Server Security

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How to install CSF and LFD?

Published June 17, 2010 by Siva

Securing a web server is critical if it is Internet facing. A steady flood of random and targeted attacks is going to happen as soon as the server is available over the Internet. Installing a firewall and a brute force attack detection tool should be one of the very first steps for a web master. In the past we recommended APF and BFD of R-fx Networks as the software to use, but both tools have not kept up with the pace and are very much outdated. A competing product developer stepped up to the plate and grabbed the opportunity to position his own software solution in the market. Best of all – the solution is freely available at

CSF and LFD are very easy to install and to configure – especially if you are using a cpanel & WHM server. Here are the instructions on how to install CSF and LFD.

1) Log into your server and switch to the root user
2) Switch directories to your download directory
3) Download the latest version of the software: # wget
4) Untar the package: # tar -xzf csf.tgz
5) Switch into the new extracted folder: # cd csf
6) Run the installer: # sh
7) If you are still running APF and BFD on your server it is necessary to disable those applications: # sh

If you are running WHM you can now configure CSF and LFD from WHM. CSF/LFD comes pre-configured for a cpanel/WHM server and so there is not that much to do after the installation. Log into WHM and inspect the new configuration utility. As an example you can uninstall APF and BFD from here with the click of the button. If you want to manually edit the CSF/LFD configuration you can do so at / etc/csf/*. Make sure to make backups before you make changes as well as using the debug mode to avoid being locked out.

If for whatever reason you need to uninstall CSF and LFD you can do this easily yourself as well. Login to your server via SSH and switch to the root user.

1) Switch to the folder holding the uninstaller: # cd /etc/csf
2) Run the uninstaller: # sh

All done. We highly recommend to make yourself familar with the product and how it works. CSF / LFD comes with a readme.txt file that you really should read. The readme file will give a great insight into how both apps work and what you need to configure to have your server properly configured.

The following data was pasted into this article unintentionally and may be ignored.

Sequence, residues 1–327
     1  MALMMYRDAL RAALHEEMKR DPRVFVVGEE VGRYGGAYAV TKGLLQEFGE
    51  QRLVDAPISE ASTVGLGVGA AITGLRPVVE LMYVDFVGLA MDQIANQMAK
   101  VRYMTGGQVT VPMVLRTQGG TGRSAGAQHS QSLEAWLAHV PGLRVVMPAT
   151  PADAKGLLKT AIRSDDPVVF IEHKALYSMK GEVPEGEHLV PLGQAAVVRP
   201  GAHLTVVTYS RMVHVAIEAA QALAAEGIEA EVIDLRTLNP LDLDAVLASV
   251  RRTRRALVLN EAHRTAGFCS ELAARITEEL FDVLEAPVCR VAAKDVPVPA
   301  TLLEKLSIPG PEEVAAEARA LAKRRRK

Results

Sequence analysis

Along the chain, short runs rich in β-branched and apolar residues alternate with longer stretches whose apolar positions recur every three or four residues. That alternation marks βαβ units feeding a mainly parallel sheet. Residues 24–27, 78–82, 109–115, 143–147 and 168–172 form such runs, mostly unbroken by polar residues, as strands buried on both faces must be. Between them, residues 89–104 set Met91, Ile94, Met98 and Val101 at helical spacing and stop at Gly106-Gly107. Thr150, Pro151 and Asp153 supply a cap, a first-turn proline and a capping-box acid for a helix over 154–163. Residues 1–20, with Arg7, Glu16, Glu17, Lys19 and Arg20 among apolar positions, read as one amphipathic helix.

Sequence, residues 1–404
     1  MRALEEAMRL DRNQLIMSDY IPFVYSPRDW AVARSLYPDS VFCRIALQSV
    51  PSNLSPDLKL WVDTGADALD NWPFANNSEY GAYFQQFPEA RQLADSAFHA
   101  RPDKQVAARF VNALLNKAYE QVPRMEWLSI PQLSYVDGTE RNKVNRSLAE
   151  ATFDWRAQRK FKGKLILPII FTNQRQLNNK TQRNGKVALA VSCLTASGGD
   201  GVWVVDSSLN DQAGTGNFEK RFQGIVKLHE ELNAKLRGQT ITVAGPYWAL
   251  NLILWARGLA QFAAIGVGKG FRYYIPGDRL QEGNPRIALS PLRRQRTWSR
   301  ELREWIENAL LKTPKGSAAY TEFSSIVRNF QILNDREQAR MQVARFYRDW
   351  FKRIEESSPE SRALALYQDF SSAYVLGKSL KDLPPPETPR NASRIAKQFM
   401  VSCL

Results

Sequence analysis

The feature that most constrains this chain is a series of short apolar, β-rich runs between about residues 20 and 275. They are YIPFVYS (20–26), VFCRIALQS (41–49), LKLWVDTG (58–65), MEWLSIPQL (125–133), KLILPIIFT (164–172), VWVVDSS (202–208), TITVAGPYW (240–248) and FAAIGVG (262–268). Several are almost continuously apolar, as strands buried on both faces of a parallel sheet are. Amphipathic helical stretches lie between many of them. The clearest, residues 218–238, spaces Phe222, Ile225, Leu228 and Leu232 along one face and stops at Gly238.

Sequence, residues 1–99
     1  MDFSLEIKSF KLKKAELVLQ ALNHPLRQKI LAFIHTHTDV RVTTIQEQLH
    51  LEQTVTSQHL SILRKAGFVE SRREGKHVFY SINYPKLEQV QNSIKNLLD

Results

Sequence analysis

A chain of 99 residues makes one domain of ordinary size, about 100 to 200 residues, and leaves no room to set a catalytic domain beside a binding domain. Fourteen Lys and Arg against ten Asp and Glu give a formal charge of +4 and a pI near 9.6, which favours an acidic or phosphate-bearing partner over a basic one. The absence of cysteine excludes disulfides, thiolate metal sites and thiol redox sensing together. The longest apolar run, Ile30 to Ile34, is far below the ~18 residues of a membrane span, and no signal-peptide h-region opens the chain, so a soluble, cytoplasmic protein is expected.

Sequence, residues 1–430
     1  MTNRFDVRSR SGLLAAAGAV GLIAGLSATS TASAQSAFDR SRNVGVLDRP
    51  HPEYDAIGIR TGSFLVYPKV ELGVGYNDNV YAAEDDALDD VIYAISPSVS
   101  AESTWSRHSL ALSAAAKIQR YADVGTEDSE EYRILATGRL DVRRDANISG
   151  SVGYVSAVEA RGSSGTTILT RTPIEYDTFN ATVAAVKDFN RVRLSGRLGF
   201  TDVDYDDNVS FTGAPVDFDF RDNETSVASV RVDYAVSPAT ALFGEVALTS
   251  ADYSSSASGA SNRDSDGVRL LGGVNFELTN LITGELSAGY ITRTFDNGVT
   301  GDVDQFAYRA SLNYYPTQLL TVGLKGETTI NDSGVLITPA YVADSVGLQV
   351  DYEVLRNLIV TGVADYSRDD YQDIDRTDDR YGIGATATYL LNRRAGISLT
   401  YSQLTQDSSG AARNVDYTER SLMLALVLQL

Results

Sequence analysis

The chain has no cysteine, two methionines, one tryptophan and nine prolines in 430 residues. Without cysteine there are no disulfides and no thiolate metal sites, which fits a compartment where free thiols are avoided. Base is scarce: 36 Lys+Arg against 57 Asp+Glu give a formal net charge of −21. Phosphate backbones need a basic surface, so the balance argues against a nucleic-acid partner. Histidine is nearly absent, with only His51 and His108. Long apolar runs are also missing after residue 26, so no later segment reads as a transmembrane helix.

RKHunter Configuration Guide

Published January 23, 2010 by Siva

Rkhunter is a very useful tool that is used to check for trojans, rootkits, and other security problems. This tutorial will touch on installing and setting up a daily report for rkhunter.



tar -zxvf rkhunter-1.2.7.tar.gz
cd rkhunter-1.2.7
./ –layout /usr/local/rkhunter –install

Updating rkhunter

gets the latest database updates from their central server and matches your OS better to prevent false positives

rkhunter –update

Now you can run a test scan with the following command:

/usr/local/bin/rkhunter -c

How to setup a daily scan report?

vim /etc/cron.daily/

add the following replacing your email address:

/usr/local/bin/rkhunter –cronjob –rwo –nocolors | mail -s “Rkhunter daily run on `uname -n`”
exit 0

chmod +x /etc/cron.daily/

Securing Your /tmp Partition to prevent from hackers

Published August 8, 2009 by Siva

Securing your /tmp directory could save you from an un-updated PHP script, where someone attempts to write an executable program with malicous code too.


that being said, lets get to it:

cd /dev

Create 500MB file for our /tmp partition. If you need more space, make count size larger.

dd if=/dev/zero of=tmpMnt bs=1024 count=500000

Make an extended filesystem for our tmpMnt file

/sbin/mke2fs /dev/tmpMnt

Backup your /tmp dir- I had mysql.sock file that I needed to recreate the symbolic link for. Other programs may use it to store cache files or whatever.

cd /
cp -pR /tmp /tmp_backup

Mount the new /tmp filesystem with noexec

mount -o loop,noexec,nosuid,rw /dev/tmpMnt /tmp
chmod 0777 /tmp

Copy everything back to new /tmp and remove backup

cp -pR /tmp_backup/* /tmp/

Now we need to add this to fstab so it mounts automatically on reboots.

pico -w /etc/fstab

You should see something like this:

/dev/hda3               /                       ext3    defaults,usrquota        1 1
/dev/hda1               /boot                   ext3    defaults        1 2
none                    /dev/pts                devpts  gid=5,mode=620  0 0
none                    /proc                   proc    defaults        0 0
none                    /dev/shm                tmpfs   defaults        0 0
/dev/hda2               swap                    swap    defaults        0 0

At the bottom add:

/dev/tmpMnt             /tmp                    ext2    loop,noexec,nosuid,rw  0 0

(Each space is a tab)
Save it!

Ctrl + X and Y

Your done- /tmp is now mounted as noexec. You can sleep a little bit safer tonight. I created a hello world c++ and compiled it then moved it to /tmp. Upon trying to run it (even chmod +x’ed), it gives the following error:

bash: ./a.out: Permission denied

good luck! if it is causing problems with any of your software, you could remove the entry from fstab, reboot and then delete /tmp and recreate it to bring it back to normal.